Manhunt 2 matters not. (2, Insightful)

ObiWanStevobi (1030352) | about 7 years ago | (#21187689)

The game title doesn't matter. Could have been a care bears game and the media will find some way of convincing you it is deadly. If it isn't a murder sim, it's soo addictive that you'll forget to eat or sleep for three days and die. If it gets any coverage from the media, you can be sure that it will be something that can kill you.

The problem in question here is not censorship. It's media.

They have free reign to be completely wrong without any adverse reaction from the masses. One of the first news stories I remember was that killer African bees were coming and America was in danger. Never happened. Exploding school buses, nevcer happened. How many looming epidemics that never happened? I would have never guessed SARS killed less than 1% of infected people if it wasn't for South Park. Shooting at police helicopters during Katrina? Nope. Iraq WMDs, nada. Do they tell you what kind of missions shuttle crews are going on? No, but they will replay the challenger explosion and talk about the dangers of foam and heat shielding damage for hours.

I could go on for hours here, but I'm sure you get the point. Media doesn't care if they get anything right, they only care about it scaring you in to staying tuned until after the next commercial break.

"Violence as an every day part of life" (1)

TheCRAIGGERS (909877) | about 7 years ago | (#21187887)

Last I checked, violence WAS an every day part of life. You can't watch the news without hearing about a soldier getting blown up or a local murder.

Even before video games, we had cops and robbers, coyboys and indians, eskimos and seals... whatever. After that we play organized sports. Anybody here who played football knows what I mean.

Re:"Violence as an every day part of life" (2, Funny)

Chosen Reject (842143) | about 7 years ago | (#21188209)

Even before video games, we had...eskimos and seals
You had a very interesting childhood.

Re:"Violence as an every day part of life" (1)

TheCRAIGGERS (909877) | about 7 years ago | (#21196509)

Why do you think they make those Nerf bats? They're sure as hell not for hitting baseballs.

It * is * more than "pushing buttons." (1)

westlake (615356) | about 7 years ago | (#21189233)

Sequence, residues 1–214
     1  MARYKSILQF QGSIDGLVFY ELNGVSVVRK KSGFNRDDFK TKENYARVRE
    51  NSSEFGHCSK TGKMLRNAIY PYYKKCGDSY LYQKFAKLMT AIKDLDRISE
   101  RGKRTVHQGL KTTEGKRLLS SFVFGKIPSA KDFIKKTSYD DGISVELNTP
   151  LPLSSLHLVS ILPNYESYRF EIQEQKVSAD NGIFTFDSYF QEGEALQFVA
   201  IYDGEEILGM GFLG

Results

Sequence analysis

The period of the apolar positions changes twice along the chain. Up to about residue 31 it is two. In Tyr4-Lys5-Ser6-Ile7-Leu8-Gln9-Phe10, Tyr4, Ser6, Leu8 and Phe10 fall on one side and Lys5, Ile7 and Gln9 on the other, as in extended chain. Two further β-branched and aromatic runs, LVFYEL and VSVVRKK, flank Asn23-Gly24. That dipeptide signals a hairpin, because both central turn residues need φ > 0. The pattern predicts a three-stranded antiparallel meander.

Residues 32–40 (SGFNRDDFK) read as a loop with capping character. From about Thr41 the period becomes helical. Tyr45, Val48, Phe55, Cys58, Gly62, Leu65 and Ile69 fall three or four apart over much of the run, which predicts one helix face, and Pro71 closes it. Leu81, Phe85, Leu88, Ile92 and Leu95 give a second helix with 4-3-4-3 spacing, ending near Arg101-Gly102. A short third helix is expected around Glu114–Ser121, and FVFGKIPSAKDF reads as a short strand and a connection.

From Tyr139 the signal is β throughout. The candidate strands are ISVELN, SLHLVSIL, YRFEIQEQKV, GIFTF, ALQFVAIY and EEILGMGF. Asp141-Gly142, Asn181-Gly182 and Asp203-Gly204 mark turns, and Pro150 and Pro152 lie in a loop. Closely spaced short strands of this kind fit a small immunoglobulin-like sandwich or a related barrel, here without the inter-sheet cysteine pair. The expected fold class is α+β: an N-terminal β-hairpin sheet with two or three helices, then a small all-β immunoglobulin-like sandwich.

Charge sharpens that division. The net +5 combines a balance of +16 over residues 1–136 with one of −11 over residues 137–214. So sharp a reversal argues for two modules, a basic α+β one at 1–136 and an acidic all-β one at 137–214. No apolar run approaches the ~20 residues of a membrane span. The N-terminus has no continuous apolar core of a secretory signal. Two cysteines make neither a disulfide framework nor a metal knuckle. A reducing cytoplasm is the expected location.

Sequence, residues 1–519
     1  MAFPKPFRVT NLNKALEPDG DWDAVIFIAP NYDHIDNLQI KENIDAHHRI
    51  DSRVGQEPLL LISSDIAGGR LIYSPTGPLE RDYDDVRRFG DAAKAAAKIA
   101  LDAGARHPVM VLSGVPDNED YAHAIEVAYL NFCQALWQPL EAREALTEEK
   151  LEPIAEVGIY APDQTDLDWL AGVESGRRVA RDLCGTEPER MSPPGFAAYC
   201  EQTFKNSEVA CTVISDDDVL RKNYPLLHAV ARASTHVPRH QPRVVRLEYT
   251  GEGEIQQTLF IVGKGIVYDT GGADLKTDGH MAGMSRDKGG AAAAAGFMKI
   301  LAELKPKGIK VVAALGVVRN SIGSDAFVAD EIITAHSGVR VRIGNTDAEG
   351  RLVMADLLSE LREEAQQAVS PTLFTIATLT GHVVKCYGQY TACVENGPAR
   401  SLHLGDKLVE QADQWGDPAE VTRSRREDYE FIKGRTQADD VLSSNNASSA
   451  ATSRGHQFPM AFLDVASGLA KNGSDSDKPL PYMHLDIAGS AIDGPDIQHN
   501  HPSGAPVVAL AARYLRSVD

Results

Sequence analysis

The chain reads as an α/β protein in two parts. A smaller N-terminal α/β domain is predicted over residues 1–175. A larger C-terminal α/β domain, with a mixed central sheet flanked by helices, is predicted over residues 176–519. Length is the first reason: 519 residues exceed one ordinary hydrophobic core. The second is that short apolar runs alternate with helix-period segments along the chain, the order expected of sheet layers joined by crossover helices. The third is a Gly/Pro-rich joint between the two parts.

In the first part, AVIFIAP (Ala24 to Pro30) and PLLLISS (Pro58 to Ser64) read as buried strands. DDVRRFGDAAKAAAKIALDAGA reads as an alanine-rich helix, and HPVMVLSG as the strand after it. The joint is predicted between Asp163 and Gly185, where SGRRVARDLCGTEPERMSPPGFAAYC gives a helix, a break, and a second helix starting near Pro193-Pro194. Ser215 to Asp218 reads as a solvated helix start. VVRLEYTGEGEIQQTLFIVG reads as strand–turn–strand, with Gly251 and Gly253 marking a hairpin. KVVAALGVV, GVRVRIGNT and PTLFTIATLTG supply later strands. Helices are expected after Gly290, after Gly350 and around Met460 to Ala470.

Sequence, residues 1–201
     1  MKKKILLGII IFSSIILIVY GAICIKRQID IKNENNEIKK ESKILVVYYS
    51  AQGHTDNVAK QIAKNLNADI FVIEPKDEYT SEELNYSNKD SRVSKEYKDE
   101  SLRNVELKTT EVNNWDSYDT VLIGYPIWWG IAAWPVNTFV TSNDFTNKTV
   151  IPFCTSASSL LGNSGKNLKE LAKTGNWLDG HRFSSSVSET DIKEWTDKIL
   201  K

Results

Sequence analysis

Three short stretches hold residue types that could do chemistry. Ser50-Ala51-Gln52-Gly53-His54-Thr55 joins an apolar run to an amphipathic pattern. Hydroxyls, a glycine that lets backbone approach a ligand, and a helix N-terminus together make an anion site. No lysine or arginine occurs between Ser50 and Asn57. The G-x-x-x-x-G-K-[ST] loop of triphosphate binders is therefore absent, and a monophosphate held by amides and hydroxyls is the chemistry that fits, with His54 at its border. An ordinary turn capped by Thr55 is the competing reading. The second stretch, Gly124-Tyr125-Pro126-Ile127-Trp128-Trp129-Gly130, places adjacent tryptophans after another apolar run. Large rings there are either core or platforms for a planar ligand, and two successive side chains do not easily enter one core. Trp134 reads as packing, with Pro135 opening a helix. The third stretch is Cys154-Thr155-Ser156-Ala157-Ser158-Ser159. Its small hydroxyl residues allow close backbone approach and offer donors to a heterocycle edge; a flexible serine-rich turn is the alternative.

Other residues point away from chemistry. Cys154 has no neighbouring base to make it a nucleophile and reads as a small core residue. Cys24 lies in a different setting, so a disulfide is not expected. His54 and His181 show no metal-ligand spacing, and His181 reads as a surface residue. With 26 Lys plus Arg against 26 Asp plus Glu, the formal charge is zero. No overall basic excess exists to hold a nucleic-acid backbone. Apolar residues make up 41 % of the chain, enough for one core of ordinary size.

'Rather than just pushing buttons, the player actually wields a knife, an ax, a glass shard -- to stab an opponent.' Ummm, no. Don't know who writes the copy over there at that ratings powerhouse, but that's just plain wrong...unless CBS has discovered some new feature -- we're currently unaware of the Wiimote's ability to shape-shift into any of those items described allowing a player to "stab an opponent."

Let's be honest here.

The player uses the Wii controller to physically mime the slashing - the gutting - of his victims. To which the game responds with the appropriate animations and rewards.

Rockstar's PR made the player's emotional engagement with his on-screen character a selling point.

If this isn't a murder simulation, I should like to know what is.

I am reminded uncomfortably of the inability of anyone in the Bush Administration to say that the water torture is torture.

The gamer, it seems, is no less willing to resort to any evasion, any contrivance, to avoid saying that this is out of bounds - - whatever this may be.

Perhaps the use of the Wii controller to mime a rape?

The coward denies the truths which are self-evident to others. A refusal to set limits isn't maturity, it is the very definition of arrested adolescence.

Uncensoring the PSP version. (0, Offtopic)

richy freeway (623503) | about 7 years ago | (#21194103)

There's info out there explaining how to edit a file in each levels directory to remove the censorship on the PSP.

I don't have a PSP to try it though. Of course it's going to require a modded PSP as well.